Las Vegas, NV
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Las Vegas profile


Living in Las Vegas


Las Vegas is a very large city located in the state of Nevada. With a population of 644,644 people and 354 constituent neighborhoods, Las Vegas is the largest community in Nevada.

Unlike some cities where white-collar or blue-collar occupations dominate the local economy, Las Vegas is neither predominantly one nor the other. Instead, it has a mixed workforce of both white- and blue-collar jobs. Overall, Las Vegas is a city of service providers, sales and office workers, and professionals. There are especially a lot of people living in Las Vegas who work in office and administrative support (13.95%), sales jobs (12.52%), and food service (10.07%).

One thing noticeable about Las Vegas, is that it has a large population of people who are young, single, educated, and upwardly-mobile career starters. That’s because Las Vegas is full of single people in their 20s and 30s and who have undergraduate or graduate degrees and are starting careers in professional occupations. This makes Las Vegas a great place for young, educated career starters looking to find many people like themselves, with good opportunities for friendships, socializing, romance, and fun. In fact, Las Vegas is one of the top larger cities in America for educated single professionals to flock.

One important feature of Las Vegas is that it is one of the most car-oriented large cities in the country. In fact, 80.50% of people commute to and from work every day by private automobile, eschewing alternative forms of transportation, which are not widely available in Las Vegas anyway. So, if you like to drive, Las Vegas is the city for you! The landscape around Las Vegas reflects this: wide streets, parking lots, plenty of highways, malls, and shopping centers are what you'll find.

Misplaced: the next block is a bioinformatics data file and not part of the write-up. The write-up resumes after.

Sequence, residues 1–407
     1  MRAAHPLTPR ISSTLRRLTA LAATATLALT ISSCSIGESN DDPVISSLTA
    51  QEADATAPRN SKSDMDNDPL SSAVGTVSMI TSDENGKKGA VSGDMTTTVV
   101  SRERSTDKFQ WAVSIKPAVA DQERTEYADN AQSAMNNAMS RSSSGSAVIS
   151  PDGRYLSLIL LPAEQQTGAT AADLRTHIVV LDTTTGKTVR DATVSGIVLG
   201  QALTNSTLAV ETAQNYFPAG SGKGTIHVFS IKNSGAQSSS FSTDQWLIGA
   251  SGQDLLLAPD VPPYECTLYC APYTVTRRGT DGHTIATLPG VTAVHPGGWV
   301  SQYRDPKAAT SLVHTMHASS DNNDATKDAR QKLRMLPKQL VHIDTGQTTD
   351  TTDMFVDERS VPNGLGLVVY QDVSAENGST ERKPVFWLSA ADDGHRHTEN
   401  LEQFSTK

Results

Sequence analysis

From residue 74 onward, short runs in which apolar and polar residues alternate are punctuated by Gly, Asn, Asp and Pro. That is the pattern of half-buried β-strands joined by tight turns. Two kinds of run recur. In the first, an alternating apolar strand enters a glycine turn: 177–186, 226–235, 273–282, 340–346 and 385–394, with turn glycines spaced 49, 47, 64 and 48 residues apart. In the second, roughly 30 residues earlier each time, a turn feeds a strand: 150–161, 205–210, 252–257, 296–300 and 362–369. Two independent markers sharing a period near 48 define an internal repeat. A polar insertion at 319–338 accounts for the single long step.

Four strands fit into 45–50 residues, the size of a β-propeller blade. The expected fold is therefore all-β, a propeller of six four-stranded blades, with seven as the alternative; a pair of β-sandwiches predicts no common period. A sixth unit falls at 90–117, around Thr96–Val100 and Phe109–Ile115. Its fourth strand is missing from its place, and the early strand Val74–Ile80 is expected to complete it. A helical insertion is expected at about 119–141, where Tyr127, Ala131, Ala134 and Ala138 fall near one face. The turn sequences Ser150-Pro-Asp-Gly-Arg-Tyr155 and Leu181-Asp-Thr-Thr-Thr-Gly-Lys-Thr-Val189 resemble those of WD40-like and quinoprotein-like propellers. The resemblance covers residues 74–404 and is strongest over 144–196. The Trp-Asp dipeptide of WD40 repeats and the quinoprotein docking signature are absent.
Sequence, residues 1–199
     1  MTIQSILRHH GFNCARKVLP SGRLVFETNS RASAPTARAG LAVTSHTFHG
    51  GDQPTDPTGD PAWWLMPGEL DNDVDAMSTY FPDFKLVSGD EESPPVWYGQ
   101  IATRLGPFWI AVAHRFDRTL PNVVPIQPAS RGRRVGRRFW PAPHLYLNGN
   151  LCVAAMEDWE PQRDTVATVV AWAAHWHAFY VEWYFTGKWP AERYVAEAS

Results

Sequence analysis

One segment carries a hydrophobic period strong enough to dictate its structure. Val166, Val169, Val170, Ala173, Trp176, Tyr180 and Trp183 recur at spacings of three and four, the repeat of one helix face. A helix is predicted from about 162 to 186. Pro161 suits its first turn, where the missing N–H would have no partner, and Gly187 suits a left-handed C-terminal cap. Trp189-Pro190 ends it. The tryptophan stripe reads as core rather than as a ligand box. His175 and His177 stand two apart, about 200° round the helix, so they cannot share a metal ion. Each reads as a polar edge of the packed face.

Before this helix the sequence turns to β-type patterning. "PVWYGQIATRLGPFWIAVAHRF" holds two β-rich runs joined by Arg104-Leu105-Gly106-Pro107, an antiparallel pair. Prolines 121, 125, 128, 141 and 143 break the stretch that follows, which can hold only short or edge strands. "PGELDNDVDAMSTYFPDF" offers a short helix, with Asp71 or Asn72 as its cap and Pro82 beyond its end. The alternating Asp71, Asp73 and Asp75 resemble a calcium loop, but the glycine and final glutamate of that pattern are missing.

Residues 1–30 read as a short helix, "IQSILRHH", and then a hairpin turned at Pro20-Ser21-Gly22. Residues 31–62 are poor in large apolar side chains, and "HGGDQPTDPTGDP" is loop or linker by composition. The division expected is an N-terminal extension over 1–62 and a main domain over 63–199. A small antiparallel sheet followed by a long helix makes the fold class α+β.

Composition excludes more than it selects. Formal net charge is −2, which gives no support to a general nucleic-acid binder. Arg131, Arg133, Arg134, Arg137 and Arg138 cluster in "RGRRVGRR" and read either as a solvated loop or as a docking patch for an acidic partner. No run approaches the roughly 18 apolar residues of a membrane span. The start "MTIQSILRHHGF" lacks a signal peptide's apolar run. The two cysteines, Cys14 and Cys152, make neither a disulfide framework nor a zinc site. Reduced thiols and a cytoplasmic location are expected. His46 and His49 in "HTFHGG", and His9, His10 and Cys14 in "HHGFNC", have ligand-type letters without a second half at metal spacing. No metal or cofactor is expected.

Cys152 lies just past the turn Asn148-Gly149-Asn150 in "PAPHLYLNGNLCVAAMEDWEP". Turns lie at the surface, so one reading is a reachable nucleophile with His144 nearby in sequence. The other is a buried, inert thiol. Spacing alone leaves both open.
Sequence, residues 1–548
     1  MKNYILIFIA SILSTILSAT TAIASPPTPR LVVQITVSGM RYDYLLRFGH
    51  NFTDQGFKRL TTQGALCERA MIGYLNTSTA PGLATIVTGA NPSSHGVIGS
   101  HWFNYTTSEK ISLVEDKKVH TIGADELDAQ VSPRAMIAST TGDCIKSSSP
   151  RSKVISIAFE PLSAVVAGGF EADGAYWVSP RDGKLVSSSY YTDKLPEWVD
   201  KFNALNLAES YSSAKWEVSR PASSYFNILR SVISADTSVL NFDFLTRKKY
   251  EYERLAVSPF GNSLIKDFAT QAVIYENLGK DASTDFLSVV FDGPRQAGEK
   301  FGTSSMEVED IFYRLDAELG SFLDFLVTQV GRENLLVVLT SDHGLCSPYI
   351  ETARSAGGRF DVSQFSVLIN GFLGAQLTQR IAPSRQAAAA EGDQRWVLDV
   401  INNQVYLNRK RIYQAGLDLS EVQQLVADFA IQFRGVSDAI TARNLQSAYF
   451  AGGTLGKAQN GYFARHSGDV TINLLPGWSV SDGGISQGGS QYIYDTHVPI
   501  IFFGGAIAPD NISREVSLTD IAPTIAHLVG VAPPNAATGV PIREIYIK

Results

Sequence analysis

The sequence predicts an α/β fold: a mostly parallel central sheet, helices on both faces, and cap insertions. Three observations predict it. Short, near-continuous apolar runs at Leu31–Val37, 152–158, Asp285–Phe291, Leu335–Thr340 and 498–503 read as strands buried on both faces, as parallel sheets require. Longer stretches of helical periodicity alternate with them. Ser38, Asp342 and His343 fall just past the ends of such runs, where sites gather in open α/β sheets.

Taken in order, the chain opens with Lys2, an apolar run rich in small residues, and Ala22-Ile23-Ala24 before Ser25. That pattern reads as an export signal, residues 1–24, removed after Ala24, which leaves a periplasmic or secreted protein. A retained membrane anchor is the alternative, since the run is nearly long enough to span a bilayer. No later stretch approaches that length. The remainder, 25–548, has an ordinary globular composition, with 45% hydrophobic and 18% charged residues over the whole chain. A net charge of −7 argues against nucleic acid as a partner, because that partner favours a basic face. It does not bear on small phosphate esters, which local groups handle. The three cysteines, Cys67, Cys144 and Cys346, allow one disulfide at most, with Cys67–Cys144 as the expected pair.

Las Vegas is a big city, and with that comes lots of benefits. One benefit is that most big cities have public transit, but Las Vegas really shines when it comes to the extensiveness and use of its public transit system. More than most large American cities, Las Vegas citizens use public transit daily to get to and from work. And while there are transportation options, most people in Las Vegas ride the bus. Whereas in some cities one is destined to sit in traffic every morning to get to work and every evening to get home, in Las Vegas a lot leave their cars at home (if they even choose to own one), and hop a ride on the bus.

The population of Las Vegas overall has a level of education that is slightly above the US average for all US cities and towns of 21.84%. Of adults 25 and older in Las Vegas, 23.16% have at least a bachelor's degree.

The per capita income in Las Vegas in 2010 was $27,650, which is middle income relative to Nevada, and upper middle income relative to the rest of the US. This equates to an annual income of $110,600 for a family of four. However, Las Vegas contains both very wealthy and poor people as well.

Las Vegas is an extremely ethnically-diverse city. The people who call Las Vegas home describe themselves as belonging to a variety of racial and ethnic groups. The greatest number of Las Vegas residents report their race to be White, followed by Black or African-American. Las Vegas also has a sizeable Hispanic population (people of Hispanic origin can be of any race). People of Hispanic or Latino origin account for 32.66% of the city’s residents. Important ancestries of people in Las Vegas include German, Irish, Italian, English, and Polish.

Las Vegas also has a high percentage of its population that was born in another country: 21.22%.

The most common language spoken in Las Vegas is English. Other important languages spoken here include Spanish and Tagalog.